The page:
Plato's Philosophical Significance

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Philosophy spans the reaches of the human mind in countless topics, but is often divided into three main branches: metaphysics, the study of the nature of existence; epistemology, the study of knowledge and truth; and ethics, the study of morals. One of the first philosophers to look at these fields is Plato (427BCE-347BCE), whose writings are incredibly influential. Plato’s work lays the fundament for philosophy because of his cohesive contributions to the fields of metaphysics, epistemology, and ethics.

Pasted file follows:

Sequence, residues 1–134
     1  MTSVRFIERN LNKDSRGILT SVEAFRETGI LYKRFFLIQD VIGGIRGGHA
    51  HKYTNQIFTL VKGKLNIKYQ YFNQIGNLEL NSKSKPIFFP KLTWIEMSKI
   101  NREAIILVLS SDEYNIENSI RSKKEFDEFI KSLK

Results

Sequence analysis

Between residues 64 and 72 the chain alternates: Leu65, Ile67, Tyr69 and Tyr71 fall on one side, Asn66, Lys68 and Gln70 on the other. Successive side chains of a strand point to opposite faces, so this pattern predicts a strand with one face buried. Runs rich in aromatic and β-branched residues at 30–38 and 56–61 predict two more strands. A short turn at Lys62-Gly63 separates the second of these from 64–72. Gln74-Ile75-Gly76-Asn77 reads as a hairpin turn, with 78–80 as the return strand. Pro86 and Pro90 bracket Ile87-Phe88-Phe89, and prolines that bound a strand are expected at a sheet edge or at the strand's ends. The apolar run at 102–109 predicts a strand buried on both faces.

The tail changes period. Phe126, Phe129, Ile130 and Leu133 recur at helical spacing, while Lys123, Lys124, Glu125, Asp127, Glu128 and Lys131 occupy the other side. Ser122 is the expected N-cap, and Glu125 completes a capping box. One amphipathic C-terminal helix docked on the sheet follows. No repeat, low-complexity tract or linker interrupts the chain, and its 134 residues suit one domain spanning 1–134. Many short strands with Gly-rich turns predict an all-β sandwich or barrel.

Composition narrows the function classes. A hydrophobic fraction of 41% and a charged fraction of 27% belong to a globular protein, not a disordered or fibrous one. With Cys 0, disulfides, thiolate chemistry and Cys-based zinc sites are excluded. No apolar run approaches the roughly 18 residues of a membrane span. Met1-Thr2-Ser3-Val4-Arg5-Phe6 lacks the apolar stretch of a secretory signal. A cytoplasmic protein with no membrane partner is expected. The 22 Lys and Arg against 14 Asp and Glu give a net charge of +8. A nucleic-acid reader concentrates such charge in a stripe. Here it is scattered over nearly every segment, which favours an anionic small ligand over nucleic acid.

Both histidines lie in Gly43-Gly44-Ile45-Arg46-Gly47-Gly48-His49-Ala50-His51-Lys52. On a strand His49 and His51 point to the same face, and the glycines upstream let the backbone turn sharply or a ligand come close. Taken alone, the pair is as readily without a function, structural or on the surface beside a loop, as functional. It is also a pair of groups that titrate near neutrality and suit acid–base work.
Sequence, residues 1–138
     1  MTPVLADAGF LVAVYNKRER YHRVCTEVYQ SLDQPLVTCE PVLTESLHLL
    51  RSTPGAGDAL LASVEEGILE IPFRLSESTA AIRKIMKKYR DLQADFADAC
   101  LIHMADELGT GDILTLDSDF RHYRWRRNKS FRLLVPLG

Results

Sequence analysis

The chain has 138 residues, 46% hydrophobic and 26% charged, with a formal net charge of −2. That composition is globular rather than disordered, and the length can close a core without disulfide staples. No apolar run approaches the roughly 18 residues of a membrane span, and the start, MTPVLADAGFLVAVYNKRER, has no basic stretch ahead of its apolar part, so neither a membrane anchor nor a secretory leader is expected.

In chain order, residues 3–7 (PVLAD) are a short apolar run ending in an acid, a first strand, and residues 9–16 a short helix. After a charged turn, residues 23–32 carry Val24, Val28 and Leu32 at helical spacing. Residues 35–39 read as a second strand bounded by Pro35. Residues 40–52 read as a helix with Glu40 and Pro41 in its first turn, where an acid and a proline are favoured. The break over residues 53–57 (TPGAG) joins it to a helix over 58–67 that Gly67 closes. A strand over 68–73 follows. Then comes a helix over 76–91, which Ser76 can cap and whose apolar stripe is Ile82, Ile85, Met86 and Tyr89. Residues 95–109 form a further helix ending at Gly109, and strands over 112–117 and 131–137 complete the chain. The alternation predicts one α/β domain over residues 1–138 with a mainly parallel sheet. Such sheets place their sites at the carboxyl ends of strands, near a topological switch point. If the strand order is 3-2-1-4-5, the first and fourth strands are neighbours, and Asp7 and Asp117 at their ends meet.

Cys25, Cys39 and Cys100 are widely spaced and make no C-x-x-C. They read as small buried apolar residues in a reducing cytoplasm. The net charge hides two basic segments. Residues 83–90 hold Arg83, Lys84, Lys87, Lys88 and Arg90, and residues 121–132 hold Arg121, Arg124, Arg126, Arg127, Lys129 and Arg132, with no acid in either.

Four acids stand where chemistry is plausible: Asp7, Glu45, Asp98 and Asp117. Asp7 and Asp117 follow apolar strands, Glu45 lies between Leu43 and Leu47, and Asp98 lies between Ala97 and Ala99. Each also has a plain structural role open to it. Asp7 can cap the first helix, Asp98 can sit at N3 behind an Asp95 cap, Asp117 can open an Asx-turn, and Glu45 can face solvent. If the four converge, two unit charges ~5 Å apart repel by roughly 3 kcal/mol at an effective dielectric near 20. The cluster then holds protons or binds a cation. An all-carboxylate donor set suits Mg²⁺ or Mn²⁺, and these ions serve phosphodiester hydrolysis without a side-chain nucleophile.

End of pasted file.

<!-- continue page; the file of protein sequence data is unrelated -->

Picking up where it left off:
Firstly, Plato’s work with Forms greatly influences metaphysics. He contributes the idea of the Forms which exist as “eternal and perfect ideals that exist in an unchanging, perfect heaven" (via Velasquez, 2002, p. 84). [2] The Forms contrast with worldly matter; this contrast leads to Plato’s next contribution to metaphysics, his concept of “Two Worlds.” Plato divides reality into the worlds of senses and forms, the latter of which he considers to be true reality and where the soul resides. Finally, Plato’s description of the tripartite human soul greatly influences St. Augustine’s religious work on Christianity 800 years later. Therefore, Plato’s Forms helped shape metaphysics. Secondly, Plato’s Forms and myths built the foundation for epistemology. Plato argues that due to the soul's unchanging nature, the process of “learning” is the soul’s recollection of knowledge. He also provides two myths, both closely related to his metaphysical works. In the first, the Chariot Allegory, Plato describes a charioteer en route to heaven, in which there exists “true reality [the forms] with which real knowledge is concerned " (as cited by Velasquez, p.84). The journey is impeded by an unruly horse that represents ignobility. The concept of the journey’s difficulty is mirrored, finally, in the Allegory of the Cave, which discusses ignorance and the escape thereof. Thus, Plato’s myths form the basis of epistemology. Finally, Plato’s work in ethics regarding justice is...
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